Turn a few pages of the "Time 100" -- ostensibly the "most influential people in the world" -- and you can easily see it as a gimmick, and not a serious attempt to measure influence. Look no further than the media. In the new 2011 list, one media name stands out -- Joe Scarborough, the liberal-pleasing "Republican" MSNBC host Mark Levin calls "The Morning Schmo." There are no Fox News hosts and no liberal-media TV stars and no talk-radio titans. Time editor Richard Stengel is a guest on the Scarborough show, and they often hype the new Time magazine cover, so declaring him influential looks very much like a bit of commercial/political pork-barreling. The tribute to Joe came from New York Mayor Michael Bloomberg (the two Manhattan centrists have been talked up as a presidential dream team):
As a group, cable-television talk-show hosts are not exactly known for independent political analysis that is free of partisan favoritism, but that is exactly what makes Joe Scarborough, 48, so refreshing — and so important. Joe's approach to politics is the same as mine: call 'em like you see 'em, and even if people don't agree with you on every issue — and they won't — they will respect you for being honest. They will know you are not shilling for a party or an ideology. And they will do exactly what you would hope any voter — and any viewer — would do: listen with an open mind and come to their own conclusions.
On every issue, Joe speaks his mind without fear or favor, because he puts his country before his party. He served for seven years as a Republican Congressman from Florida, but he is a patriot before he is a politician or a pundit. That independence is what makes Joe Scarborough such a valuable voice in American politics. And it's what makes Morning Joe such a successful show. (That, and of course the real star of the show, Mika Brzezinski.)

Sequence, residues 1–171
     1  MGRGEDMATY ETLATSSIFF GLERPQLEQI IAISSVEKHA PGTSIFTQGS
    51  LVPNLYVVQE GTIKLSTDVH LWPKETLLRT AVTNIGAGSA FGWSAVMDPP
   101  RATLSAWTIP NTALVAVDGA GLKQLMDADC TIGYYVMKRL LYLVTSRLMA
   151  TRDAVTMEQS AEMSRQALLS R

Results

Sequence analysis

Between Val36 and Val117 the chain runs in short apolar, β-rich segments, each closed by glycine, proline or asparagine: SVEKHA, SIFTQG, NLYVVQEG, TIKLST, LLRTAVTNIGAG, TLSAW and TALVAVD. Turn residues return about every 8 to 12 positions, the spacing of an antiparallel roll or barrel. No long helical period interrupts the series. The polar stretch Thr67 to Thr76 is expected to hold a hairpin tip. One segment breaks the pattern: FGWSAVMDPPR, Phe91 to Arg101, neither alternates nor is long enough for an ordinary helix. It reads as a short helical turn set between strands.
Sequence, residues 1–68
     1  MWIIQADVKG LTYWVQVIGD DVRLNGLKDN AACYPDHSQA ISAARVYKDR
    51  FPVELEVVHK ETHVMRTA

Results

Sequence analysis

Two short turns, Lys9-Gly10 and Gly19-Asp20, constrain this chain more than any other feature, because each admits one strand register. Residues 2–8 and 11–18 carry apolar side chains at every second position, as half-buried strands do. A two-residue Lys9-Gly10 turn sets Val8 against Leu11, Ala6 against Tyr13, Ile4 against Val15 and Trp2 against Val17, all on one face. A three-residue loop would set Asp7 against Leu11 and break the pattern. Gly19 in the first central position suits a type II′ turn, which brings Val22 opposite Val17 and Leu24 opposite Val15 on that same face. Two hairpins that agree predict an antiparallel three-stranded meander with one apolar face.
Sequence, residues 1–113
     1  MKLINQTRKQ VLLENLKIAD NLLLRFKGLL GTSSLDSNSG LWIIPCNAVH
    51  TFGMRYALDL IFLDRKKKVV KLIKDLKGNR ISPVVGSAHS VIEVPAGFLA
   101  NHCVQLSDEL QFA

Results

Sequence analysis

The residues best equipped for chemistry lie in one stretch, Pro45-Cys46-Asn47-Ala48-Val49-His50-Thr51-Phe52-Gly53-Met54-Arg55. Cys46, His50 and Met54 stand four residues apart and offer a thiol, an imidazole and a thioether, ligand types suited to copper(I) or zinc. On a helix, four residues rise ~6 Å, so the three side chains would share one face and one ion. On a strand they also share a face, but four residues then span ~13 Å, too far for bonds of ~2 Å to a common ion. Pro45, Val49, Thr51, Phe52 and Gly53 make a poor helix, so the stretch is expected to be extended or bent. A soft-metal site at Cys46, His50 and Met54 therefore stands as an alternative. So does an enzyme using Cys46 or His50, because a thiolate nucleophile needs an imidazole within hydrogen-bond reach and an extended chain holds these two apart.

For previous events in Time hero-pork, see the case of Bill and Melinda Gates -- Time funders in November, Persons of the Year in December.
Newsweek has also honored Scarborough, and then-Newsweek editor Jon Meacham has also been a Morning Joe regular. Take as a sign of Joe Scarborough's apparently imposing global influence this piece for Newsweek in early 2010: "Is the Tea Party Over? The anti-Obama anger that helped fuel the ‘Massachusetts Miracle’ is now threatening to tear the movement apart."
Oprah Winfrey was acknowledged, and the author was CNN founder Ted Turner:
I have always admired independent thinkers, those with the courage, faith and intuition to forge their own ways. In business, these pioneers take calculated risks; care less about bottom lines and more about ideas and innovation; and are intent on bettering the world along the way. Oprah, 57, defines this approach. She has not only made it to the top with the cards stacked against her, but she has also made extraordinary contributions to our global community through her philanthropic efforts.
CNN revolutionized the news based on a good idea, good people and a lot of inspired guesswork. Under Oprah, the OWN channel is primed to combat the tabloid programming we've become accustomed to with smart, enlightened, informative content.
I have often said that if women ruled the world for the next 100 years, we'd all be better off. I have a feeling that with the possibilities at Oprah's fingertips, we may be one step closer.
Dan Rather was assigned to hail the journalism of Al-Jazeera English reporter Aymed Mohyeldin:
All journalists hope that at least once in their career, they'll be covering the world's biggest story and be the best at doing it. With Egypt's revolution, Ayman Mohyeldin's hopes became reality. Many journalists did good work in Egypt at the country's - and the region's - historic turning point, but none matched Mohyeldin, 31. He put us in the middle of the action and took us behind the scenes; he riveted us to the story as it developed toward its climax and kept us along for the aftermath. By dint of his experience, persistence and talent, he lifted the profile and reputation of the al-Jazeera network. And for one brief, shining moment, he was the best in the world.
Julian Assange was hailed by uber-feminist writer Germaine Greer: "There were many scoops but few surprises amid what we learned from WikiLeaks. Regardless of what happens to Assange, which he will almost certainly not deserve, the construction of stateless, secure and indestructible Internet drop boxes cannot be undone. Secrets will never be safe again."